New OR Nurse Here

  1. 0 Hi everyone! I am about to start my new position in the OR tomorrow!
    I have been a member of all nurses for a while now. Have not been able to post for sometime. I graduated from nursing school in December. I landed a job at a hospital that I had done clinicals at. I did my mentorship during the last 5 weeks of school in this hospital's OR, but they would not place a GN in the OR.(I loved my mentorship in the OR!) So I took a position on Med-Surg and worked on PCU for a couple of weeks. I passed my boards in March and now here I am! I got the job that I wanted! I am excited to be an OR nurse and would appreciate any advice or tips to help me along the way as l learn my new position.

    Betty
  2. Visit  betty67 profile page

    About betty67

    From 'Elizabeth, PA'; 48 Years Old; Joined Sep '09; Posts: 142; Likes: 13.

    15 Comments so far...

  3. Visit  CIRQL8 profile page
    3
    Congratulations!! I hope that you love it as much as I do. I would advise you of the following: Do not hold yourself to a high standard right out of the gate. There is a reason why the orientation period is so very long. There is A LOT to learn. There are dozens (if not hundreds) of procedures for you to learn ad well as dozens of surgeons who all perform the same procedure with some differences. There is a lot of technology to learn. Watch closely. See what is done the same way every time and build from there. A house is not built without a strong foundation. Get yourself a strong foundation. Speak up for yourself. If you feel that your preceptor is not teaching you well enough or if you do not get along with them, ask for a new one. Learn the basics of positioning. Learn the basics of electronics. Learn about grounding and electro cautery. Learn about suture and the differences. Take time to learn the instruments. Do not be satisfied knowing what everything is, know what it is used for, why and how. Well, I could go on FOREVER. I do not want to bore you. Just try not to get overwhelmed. It has been said that it takes 10,000 hours of doing one thing to become an expert at that thing. You will get more and more comfortable over time.
  4. Visit  LovedRN profile page
    0
    Congrats!!! You are lucky. OR is hard to get in.
  5. Visit  RN Sam profile page
    0
    I too graduated in December and started my OR job just last month. Thanks for starting this thread so I can be helped also! Right now I am scrubbing and will be for at least six months before circulating.
  6. Visit  Signorina profile page
    1
    I work as a scrub nurse in the OR too. I just started last month and it was really difficult for me because everything was so different from what I was used to. I made a lot of mistakes because i was always nervous. However, I am much more confident now and have scrubbed several times without supervision. Find someone who will put you through patiently. Congratulations!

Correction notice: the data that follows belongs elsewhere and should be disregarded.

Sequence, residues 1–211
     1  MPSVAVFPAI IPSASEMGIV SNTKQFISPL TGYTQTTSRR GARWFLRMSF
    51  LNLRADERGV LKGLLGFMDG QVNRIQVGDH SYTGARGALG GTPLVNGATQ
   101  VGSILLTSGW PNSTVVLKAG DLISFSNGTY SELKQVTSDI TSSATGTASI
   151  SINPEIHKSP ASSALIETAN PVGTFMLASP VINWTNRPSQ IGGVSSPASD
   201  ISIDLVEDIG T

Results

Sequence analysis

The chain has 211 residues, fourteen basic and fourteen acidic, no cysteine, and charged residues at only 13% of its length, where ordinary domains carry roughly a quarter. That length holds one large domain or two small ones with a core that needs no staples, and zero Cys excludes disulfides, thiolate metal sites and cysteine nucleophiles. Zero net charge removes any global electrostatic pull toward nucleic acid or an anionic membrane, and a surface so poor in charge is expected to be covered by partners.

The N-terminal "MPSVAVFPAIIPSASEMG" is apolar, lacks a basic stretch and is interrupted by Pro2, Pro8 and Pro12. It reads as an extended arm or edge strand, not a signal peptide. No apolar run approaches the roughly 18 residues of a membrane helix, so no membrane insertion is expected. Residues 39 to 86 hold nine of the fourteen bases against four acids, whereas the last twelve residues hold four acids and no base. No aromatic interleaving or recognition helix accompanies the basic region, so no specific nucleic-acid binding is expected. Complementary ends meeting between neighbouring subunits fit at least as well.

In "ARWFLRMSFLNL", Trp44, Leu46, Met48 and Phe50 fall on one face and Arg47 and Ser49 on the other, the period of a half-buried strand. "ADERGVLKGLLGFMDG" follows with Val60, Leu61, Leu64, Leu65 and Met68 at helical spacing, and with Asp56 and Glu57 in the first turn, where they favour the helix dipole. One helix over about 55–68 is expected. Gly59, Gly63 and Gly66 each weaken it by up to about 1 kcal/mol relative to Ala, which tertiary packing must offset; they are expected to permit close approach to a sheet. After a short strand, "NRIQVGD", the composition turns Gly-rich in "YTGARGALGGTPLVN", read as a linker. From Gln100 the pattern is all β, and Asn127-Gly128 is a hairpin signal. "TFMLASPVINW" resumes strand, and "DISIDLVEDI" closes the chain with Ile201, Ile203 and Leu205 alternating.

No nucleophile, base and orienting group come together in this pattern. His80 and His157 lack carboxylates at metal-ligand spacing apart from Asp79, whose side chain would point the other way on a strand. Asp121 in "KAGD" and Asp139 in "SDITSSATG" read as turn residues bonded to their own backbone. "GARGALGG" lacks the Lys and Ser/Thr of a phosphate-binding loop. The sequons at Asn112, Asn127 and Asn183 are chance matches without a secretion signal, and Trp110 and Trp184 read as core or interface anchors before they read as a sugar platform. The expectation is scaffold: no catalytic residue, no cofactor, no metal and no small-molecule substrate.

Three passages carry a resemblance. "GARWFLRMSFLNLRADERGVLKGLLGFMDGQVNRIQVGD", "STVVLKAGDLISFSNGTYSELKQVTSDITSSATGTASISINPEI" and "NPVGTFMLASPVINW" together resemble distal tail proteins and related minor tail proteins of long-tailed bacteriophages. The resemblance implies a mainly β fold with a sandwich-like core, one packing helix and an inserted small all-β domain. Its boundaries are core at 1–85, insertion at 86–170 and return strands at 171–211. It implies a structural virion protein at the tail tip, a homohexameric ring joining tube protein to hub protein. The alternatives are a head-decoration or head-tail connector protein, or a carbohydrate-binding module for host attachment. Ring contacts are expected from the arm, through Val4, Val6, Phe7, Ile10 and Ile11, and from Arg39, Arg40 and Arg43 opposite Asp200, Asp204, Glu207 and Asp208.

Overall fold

canesdukegirl likes this.
  7. Visit  lidleanjel profile page
    1
    Not sure what your actual position in the OR will be but here is my view as a new graduate in the OR....

    I have been in the OR as a Registered Nurse training to be a circulatory nurse for about a month. I think one of the first things to really understand is aspetic technique and the sterile field. Make sure you ask how to open items sterilely to the field because you will probably be helping "opening a case" and not necessarily do they remember you are new. Also if you are able to prepare yourself to what cases you will be in the next day do so, then you can at least look up the procedure and have idea of what they are doing and what complications there could be and sometimes figure out type of positioning will be used. So far for me, the surgical techs are very very information about sterile technique, how to open things, and what is going on. they also tend to have a little extra time then others at times. Always remember patient safety and it AlWAYS comes first. So after assessment before a case of the patient, the patient comes in and make them comfortable and safety belt them to the bed then help anestesiologist by hooking up patient to all monitors and helping anestesiologiest have items handed to them when needed for the intubation if needed, once the patient is asleep you are positioning and prepping the patient to the doctors request. Then its all about what the scrub team needs as a circulator until the patient is awaken and moved to PACU. When you have free time look at products and find out where things are located. I have also discovered anestesiologist typically really want to educate you, so you understand what they are doing and what they need from you. Do NOT be scared to ask questions.